Recording of December 2005: Takk
Hey, I like things that are grand as much as the next guy. Grand opera is good, any kind of baked good with "grand" in the title is cool—even the sainted subway I ride stops every morn and eve at Grand Street.
But grand rock music is another story, one filled with ego bloat, overripe string sections—er, I mean, "soundscapes"—and (suppress that gag reflex) soaring voices. I blame Richard Wagner filtered through Coldplay for the whole thing, but that's yet another story. Marry anything "grand' to the tinkery, chiefly instrumental principles of progressive rock—which are nothing if not grand—and you have an alien traffic accident waitin' to happen. Add an Icelandic quartet who sing in the nearly impenetrable language of their grandfathers and who titled their last album ( ), and you have a reason to condemn new music and retreat to a listening program made up exclusively of such fuzzy blankets as Coltrane and the Carter Family. But then, you'd miss the persuasive moody fusion of Takk.
Sigur Rós established their pattern in 2000 with the release of Agaetis Byrjun, their first album released outside Iceland: long, abstract jams that begin slowly and quietly, often opening (like "Takk" here) with quavering strings; eventually addingJon Thor Birgisson's high-to-the-point-of-breaking falsetto vocals; live or programmed beats; and much spiral keyboard loomingness.
Nearly everything on Takk, hyped prior to its release as the Sigur Rós album that both radio and the common man would get, fits that pattern, except perhaps for a de-emphasizing of the guitars that were so prominent on past releases. Here, though, Birgisson, Kjarri Sveinsson (keyboards), Georg Holm (bass), and Orri Pall Dyrason (drums) have a sharper if still impossibly ethereal focus. After three albums that were distant and becoming deliberately more obtuse, on Takk Sigur Rós seems to have righted their alchemy.
Takk's most accessible tune, "Hippipolla," begins with a simple acoustic piano figure that blooms into a jaunty near-pop tune complete with layers of overdubbed voices, much good work by a prominent violin section, and a glockenspiel, before winding down into a quiet coda of sound samples and keyboard murmurs. Thankfully, Sigur Rós keeps the orchestral rock excess to a minimum; most of these alluring, often majestic little rock poems clock in at under five minutes. Now, that's accessibility! Even "Hippipolla" and its reprise, "Med Blodnasir," trundle in at a total of less than eight minutes.
Halfway through the album is "Soeglopur," which begins quietly with piano and a delicate vocal part that sounds like a pleading, melodic call—almost an animal howl—before the entrance of a drum kit and mountainous layers of keyboards. A storm of orchestral rock follows in which these elements build to a throbbing climax that cuts off and returns to just piano, metallic keyboard chords, and the same high, childlike voice, pleading and calling. Toward the end, keyboards and vocals follow the same line, and "Soeglopur" closes with keyboards drifting off into a mysterious distance. It's the kind of track you put on thinking it could be background music, then find yourself sitting in front of the speakers, mesmerized by its majesty.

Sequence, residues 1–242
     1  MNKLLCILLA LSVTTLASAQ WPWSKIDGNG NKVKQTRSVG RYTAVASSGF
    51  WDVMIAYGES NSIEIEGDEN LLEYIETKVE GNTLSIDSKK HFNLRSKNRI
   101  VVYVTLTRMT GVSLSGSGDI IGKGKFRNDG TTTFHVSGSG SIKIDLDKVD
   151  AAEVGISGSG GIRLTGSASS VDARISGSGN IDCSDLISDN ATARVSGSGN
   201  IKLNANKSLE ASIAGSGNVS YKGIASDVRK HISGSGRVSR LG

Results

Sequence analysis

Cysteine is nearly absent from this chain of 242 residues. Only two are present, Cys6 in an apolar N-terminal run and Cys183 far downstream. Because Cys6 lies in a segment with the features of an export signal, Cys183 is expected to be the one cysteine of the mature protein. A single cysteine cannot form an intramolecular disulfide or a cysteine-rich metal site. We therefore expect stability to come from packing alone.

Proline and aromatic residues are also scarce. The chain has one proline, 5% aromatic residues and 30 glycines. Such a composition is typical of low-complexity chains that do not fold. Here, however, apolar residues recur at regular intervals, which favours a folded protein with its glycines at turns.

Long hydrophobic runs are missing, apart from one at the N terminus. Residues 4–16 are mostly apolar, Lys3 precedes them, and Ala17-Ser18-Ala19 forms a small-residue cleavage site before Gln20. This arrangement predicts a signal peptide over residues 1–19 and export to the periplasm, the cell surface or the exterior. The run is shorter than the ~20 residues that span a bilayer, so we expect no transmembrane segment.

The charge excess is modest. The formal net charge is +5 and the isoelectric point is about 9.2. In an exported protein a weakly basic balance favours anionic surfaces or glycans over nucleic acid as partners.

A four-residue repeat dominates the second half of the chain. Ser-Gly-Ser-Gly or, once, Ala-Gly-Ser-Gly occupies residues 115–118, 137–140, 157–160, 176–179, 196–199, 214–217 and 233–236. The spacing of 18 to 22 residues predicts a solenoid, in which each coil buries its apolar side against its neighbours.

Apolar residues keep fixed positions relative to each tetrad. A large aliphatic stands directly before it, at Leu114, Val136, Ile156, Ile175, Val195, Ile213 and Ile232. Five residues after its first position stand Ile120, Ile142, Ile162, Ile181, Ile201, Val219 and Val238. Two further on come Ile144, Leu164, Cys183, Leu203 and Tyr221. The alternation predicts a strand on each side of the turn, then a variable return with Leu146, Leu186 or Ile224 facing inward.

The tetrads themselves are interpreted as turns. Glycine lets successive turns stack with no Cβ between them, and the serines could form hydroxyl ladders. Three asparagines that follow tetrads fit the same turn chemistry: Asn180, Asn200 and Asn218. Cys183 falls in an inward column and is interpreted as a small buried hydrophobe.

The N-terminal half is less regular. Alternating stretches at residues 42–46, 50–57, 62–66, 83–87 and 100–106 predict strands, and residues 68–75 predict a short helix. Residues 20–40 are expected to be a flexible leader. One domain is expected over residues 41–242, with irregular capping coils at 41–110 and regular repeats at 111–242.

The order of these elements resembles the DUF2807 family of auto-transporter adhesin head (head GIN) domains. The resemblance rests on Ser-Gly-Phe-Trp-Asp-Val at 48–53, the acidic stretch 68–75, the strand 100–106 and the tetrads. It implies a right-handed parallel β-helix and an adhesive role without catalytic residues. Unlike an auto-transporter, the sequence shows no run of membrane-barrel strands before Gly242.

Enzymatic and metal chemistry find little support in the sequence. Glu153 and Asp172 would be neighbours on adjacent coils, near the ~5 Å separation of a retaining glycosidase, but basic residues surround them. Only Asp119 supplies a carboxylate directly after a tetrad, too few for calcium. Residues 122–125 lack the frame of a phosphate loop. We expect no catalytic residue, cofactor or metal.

After the bombast of Coldplay, the most obvious influence here (is Jon Thor Birgisson's re-imaging of another Jon: Yes's Jon Anderson. It's a similarity so striking that it will occasionally widen your eyes. Birgisson's voice is at once Sigur Rós's most creative and distinct instrument and, to some, its major annoyance. Listening to too much falsetto sighing or words squeaked out in Icelandic has been known to alter brainwaves. Depending on your taste, Birgisson's pipes will be the band's main attraction or its Achilles' heel.
This is one band for whom compressed, flat sound would be death. As you might expect, on Takk the waves and currents of their music have both the depth and the dynamic range required to give them their presence and power.
What's most gratifying about Takk is that, just when Sigur Rós seemed about to slip off into more theatrics than actual music, more sound effects than structured songs, they've pulled themselves back from the edge and re-energized their best instincts, atmospherics, and ability to turn grim grandiosity into the kind of more buoyant, less troubled whole that will spawn a thousand happy downloads.—Robert Baird